New Freshman Student Transition
The University 100/108/150 series of first year courses offers a unique opportunity to participate in a program to help adjust to the George Mason Community.
They are small, discussion-based one-credit courses offered to assist first year students with their transition to college. This course helps students adjust academically, build a community on campus, and learn more about resources and opportunities for involvement at Mason.
Space is limited and the openings go quickly, so enroll during Summer Orientation!
- Assisting you with your academic, social, and cultural transition to college
- Developing a sense of community and school spirit
- Familiarizing you with the most commonly used technology at Mason
- Developing sound decision-making skills
- Improving interpersonal relationships
- Learning about the services and opportunities for involvement
- Supporting academic and personal growth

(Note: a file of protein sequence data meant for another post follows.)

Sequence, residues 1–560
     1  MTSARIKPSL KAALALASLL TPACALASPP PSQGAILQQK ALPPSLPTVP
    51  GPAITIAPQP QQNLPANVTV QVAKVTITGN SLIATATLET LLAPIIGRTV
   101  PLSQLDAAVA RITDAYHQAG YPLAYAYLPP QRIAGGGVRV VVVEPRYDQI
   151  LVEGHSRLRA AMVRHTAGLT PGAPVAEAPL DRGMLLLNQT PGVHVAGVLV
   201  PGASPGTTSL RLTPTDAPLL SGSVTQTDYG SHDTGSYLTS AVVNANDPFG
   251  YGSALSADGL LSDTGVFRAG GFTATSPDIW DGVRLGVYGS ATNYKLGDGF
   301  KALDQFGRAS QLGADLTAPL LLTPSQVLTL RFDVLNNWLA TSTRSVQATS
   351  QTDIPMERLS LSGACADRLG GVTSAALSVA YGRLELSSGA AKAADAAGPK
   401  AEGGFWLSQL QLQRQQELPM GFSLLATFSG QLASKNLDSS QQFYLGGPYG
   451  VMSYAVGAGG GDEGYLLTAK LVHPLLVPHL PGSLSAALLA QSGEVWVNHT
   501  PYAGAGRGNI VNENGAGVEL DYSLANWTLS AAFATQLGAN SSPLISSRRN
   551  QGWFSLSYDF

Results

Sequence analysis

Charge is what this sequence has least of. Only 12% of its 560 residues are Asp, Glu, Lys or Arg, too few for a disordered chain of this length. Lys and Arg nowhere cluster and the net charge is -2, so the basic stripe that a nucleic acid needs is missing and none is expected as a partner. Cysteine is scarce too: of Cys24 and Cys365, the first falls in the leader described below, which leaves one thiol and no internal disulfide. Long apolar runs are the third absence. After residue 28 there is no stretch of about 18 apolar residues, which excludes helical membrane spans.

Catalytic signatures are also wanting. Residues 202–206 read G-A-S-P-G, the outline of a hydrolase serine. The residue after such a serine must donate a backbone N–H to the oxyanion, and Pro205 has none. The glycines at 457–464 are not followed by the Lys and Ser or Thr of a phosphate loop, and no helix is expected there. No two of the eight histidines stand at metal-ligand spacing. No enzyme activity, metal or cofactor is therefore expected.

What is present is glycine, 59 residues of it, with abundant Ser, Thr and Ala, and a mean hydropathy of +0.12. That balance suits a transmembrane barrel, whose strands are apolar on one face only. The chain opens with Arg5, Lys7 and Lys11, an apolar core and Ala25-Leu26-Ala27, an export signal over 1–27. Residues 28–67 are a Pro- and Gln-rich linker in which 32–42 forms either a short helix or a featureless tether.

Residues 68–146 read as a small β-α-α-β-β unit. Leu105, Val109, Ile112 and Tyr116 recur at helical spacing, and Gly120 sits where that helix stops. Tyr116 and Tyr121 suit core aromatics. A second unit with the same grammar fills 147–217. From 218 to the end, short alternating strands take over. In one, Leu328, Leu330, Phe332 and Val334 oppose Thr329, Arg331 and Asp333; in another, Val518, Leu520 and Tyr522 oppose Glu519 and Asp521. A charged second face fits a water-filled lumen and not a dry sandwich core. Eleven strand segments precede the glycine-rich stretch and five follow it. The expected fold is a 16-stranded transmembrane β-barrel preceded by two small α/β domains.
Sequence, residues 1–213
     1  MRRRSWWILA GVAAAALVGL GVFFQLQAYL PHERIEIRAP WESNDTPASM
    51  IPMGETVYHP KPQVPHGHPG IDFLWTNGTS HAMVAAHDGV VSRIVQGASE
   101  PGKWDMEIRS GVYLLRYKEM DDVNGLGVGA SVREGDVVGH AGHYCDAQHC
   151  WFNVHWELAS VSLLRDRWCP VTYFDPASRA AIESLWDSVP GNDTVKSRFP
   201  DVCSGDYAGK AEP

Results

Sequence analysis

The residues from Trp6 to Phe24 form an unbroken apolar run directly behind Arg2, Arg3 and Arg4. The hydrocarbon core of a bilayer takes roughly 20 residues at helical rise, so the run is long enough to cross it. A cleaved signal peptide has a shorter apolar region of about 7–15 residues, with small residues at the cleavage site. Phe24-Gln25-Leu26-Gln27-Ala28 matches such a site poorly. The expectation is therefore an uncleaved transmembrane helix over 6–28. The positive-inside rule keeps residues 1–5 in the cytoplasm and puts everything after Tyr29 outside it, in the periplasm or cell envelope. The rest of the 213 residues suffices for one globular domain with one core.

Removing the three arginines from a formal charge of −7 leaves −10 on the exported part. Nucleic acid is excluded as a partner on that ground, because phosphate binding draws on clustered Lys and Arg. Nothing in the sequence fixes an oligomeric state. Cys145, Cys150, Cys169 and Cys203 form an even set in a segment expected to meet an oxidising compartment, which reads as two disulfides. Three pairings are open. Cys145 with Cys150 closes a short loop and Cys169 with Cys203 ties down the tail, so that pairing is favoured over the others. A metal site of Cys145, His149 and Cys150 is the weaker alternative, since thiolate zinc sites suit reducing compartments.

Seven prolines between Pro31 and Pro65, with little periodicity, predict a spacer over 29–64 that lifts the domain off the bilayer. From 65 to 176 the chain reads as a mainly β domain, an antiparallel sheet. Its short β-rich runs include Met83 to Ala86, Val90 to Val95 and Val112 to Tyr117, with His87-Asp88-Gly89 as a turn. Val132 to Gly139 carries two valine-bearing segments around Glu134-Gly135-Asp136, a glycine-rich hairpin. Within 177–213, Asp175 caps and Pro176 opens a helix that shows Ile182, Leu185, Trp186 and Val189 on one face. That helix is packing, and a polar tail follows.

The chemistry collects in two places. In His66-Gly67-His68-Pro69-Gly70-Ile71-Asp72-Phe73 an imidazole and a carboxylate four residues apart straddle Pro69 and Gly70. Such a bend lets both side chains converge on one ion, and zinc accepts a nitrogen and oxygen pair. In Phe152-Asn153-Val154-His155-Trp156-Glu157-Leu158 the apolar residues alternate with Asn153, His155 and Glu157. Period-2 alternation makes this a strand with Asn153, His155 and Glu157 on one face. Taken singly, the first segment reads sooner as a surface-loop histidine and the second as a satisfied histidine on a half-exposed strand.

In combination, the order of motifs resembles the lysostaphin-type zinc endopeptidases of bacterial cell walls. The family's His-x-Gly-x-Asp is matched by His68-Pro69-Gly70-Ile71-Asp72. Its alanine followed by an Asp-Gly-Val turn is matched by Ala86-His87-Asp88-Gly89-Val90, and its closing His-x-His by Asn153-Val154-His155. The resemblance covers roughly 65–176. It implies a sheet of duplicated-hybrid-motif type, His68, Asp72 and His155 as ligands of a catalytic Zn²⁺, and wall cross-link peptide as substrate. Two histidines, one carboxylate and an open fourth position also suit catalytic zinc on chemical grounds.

- Enhancing your critical thinking skills
You Should Know That...
More than 75 University 100/108/150 sections are offered in the fall, such as General Sections, LLC’s, Global Gateway, College-Specific, Off Campus, Out of State, and other special populations and programs.
Students who take University 100 are more likely to have a successful overall experience.
More than 90 percent of University 100 students have encouraged fellow classmates to take the course.
Students indicate that they feel their instructors are interested in their success.
The GPAs of students enrolled in University 100 are higher than those of students not enrolled.
New Transfer Transition
University 300/302/305 are 0-1 credit courses designed to help new transfer students transition successfully into the Mason community. Transfer students in their 1st or 2nd semester are invited to participate in this course which will allow them to discuss and learn about the following: degree requirements, policies and procedures, on-campus resources and opportunities, personal academic and career goals, resume development, and job search strategies. They are general or college-specific, and are most often taught for the first half of the semester.